The photo of a father and daughter’s bodies laying face down in the Rio Grande River reignited outrage among Democrats over the Trump administration’s policies at the border.
But you wouldn’t know it from the conversation on Twitter. There, the top Democrats running for president have failed to resonate on the immigration issue, allowing President Trump and immigration hardliners to define the debate.
“Immigration” appeared in just 0.3% of all mentions of the top-five polling Democrats between March 17 and June 16, according to Twitter data shared with VICE News.
The relative silence continued last week as the situation on the southern U.S. border spiraled.
That leaves a giant opening for Democrats Wednesday night who have an opportunity to define it on Trump’s favorite communications platform. “These data show us this is where the big opportunity is tonight and tomorrow: Immigration is the low-hanging fruit,” said Michael Cornfield, director of George Washington University’s PEORIA Project.
Sen. Elizabeth Warren signaled she plans to do just that when she travelled to the Homestead detention center to lead a protest on Wednesday, hours before the first debate begins in Miami.
With help from the data firm Crimson Hexagon, Cornfield’s team analyzed 36.4 million Twitter mentions of Trump and five top Democrats since Dec. 17: former Vice President Joe Biden; South Bend Mayor Pete Buttigieg, and Sens. Bernie Sanders, Elizabeth Warren, and Kamala Harris. The researchers then combed through those mentions for keywords such as “immigration,” “healthcare,” and “fake news.”
Just a fraction of Americans use Twitter, which veers toward news junkies and media types. But conversation on the platform can provide a rough gauge of how political elites frame discussions around candidates. That activity primes mainstream media narratives, in turn influencing how campaigns are understood more broadly.
As Trump has pounded immigration as a core re-election issue, Twitter discussions about Democrats have gravitated elsewhere. The PEORIA Project/CrimsonHexagon data suggest that Harris has been most associated with the topic among the Democrats, drawing more than 35% of all immigration-related mentions since December.
Over the past week, however, Sanders has surged to more than 64% percent of such mentions. Chatter around immigration and Biden has lagged far behind throughout.
“Joe Biden — who’s running on his association with Obama and animus toward Trump — what’s his issue? He doesn’t have one,” Cornfield said, adding that he and other candidates could jump on the recent news coverage of the border crisis. “I would expect to see some grandstanding tonight.”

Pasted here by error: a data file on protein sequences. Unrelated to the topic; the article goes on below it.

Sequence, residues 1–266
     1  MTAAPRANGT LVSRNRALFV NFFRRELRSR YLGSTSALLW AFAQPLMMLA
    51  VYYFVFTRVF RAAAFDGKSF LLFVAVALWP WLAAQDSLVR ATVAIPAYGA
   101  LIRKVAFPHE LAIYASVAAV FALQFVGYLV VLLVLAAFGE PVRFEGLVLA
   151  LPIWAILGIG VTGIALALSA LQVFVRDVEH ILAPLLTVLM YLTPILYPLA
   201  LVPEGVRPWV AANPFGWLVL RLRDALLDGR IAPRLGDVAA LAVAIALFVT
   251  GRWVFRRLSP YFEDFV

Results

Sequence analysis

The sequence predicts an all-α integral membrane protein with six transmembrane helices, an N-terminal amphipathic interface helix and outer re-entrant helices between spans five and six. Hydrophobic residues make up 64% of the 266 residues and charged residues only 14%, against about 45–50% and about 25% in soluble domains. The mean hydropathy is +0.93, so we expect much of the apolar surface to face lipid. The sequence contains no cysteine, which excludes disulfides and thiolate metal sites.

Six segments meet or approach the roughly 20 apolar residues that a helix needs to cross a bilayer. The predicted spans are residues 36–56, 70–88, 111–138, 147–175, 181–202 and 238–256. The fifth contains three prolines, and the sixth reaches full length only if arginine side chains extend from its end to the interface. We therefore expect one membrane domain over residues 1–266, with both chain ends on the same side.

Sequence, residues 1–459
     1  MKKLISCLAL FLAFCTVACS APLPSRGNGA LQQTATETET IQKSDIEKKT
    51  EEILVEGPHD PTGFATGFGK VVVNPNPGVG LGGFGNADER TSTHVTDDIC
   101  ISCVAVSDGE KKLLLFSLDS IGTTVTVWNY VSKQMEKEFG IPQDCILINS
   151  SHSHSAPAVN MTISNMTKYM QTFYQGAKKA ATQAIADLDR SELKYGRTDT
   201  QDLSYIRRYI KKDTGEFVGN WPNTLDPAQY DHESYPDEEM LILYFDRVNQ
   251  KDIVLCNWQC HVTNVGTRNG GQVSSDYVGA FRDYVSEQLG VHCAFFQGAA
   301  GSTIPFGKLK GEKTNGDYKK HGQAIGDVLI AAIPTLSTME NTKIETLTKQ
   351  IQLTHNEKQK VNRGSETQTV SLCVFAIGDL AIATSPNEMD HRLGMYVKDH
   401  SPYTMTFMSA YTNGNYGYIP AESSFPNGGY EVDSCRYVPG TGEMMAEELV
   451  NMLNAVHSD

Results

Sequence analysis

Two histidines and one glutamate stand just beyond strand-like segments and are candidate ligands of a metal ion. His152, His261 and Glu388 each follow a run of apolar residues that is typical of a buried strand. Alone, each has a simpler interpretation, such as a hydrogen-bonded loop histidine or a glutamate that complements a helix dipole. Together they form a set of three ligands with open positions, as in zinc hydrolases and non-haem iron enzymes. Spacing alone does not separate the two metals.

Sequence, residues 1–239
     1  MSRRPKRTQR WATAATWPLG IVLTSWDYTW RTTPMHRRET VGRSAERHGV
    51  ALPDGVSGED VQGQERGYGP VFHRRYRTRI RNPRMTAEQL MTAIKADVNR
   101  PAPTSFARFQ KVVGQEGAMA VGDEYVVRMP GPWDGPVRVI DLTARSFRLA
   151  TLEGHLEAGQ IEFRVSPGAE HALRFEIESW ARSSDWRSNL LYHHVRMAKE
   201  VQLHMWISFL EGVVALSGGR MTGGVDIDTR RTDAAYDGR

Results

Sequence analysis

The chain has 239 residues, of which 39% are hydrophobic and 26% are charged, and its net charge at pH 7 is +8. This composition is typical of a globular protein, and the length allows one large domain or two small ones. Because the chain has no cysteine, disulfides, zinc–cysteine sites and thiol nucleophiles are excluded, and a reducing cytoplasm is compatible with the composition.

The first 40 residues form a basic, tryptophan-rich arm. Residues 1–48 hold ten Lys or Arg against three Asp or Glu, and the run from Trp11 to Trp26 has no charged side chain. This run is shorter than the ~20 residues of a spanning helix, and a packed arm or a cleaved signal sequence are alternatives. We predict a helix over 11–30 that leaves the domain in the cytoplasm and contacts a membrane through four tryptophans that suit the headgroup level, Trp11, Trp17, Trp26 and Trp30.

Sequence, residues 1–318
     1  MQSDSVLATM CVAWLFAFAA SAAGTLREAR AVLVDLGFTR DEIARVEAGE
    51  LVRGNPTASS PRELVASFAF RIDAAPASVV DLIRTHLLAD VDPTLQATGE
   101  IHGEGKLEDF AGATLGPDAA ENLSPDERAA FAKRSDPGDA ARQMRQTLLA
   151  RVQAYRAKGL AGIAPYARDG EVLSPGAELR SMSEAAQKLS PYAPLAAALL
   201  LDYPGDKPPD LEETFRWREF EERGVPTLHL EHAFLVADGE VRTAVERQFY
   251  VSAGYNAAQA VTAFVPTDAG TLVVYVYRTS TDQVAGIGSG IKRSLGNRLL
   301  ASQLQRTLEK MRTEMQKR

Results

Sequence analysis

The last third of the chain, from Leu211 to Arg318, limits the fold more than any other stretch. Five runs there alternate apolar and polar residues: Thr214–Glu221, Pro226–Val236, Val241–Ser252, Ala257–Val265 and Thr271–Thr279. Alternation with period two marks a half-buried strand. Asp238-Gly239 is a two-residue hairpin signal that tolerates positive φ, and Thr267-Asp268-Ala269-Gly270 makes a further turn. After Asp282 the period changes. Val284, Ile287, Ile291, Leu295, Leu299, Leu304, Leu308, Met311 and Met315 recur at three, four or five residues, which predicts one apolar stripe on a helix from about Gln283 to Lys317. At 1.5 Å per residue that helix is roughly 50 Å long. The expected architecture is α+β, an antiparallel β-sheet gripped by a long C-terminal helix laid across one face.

Here are some other takeaways from the PEORIA Project/Crimson Hexagon data:
Biden vs. The Democratic World
Biden — the presumptive frontrunner — soaked up nearly 40% of all Twitter mentions of the five Democrats between March 17 and June 16. That ticked upward to 49% in the week that ended on Monday. That engagement largely aligned around the keywords “Trump,” “Obama,” “women,” and “Sleepy Joe.”
“Pocahontas” no more
Warren appears to have escaped some of the backlash to her dubious clalim to Native American ancestry. Cornfield said the Massachusetts senator received more Twitter mentions in the 24 hours after releasing a DNA test in October than Trump did in the day after his most recent State of the Union. Her mentions between December 1 and March 15 included “Pocahontas” — Trump’s favorite epithet — and “DNA Test” more than any other keyword besides “Trump.”
“It made a tremendous impression on Twitter,” Cornfield said. “But it’s died down considerably.”
After a series of policy proposals that have drawn positive media coverage and helped Warren climb up primary polls, her mentions are more aligned with discussion around Biden, healthcare, and her campaign slogan, “I have a plan for that.”
Trump reigns supreme
It’s no surprise the president dominates Twitter, but the extent to which he does so is shocking. Between Dec. 17 and June 24, as the 2020 Democratic primary began in earnest, Trump drew more than 53% of all mentions of the six candidates analyzed.
“Trump is not on stage during the debates but he can register in the conversation via Twitter,” Cornfield said.
That could be particularly true starting tonight, as the Tweeter-in-Chief has threatened to live-tweet a crowded debate where potential competitors could get as little as 6 minutes of airtime apiece.
Cover: Democratic presidential candidate Sen. Elizabeth Warren, D-Mass., speaks through a megaphone while surrounded by the media outside the Homestead Detention Center, where the U.S. is detaining migrant teens, in Homestead, Fla., Wednesday June 26, 2019. (Daniel A. Varela/Miami Herald via AP)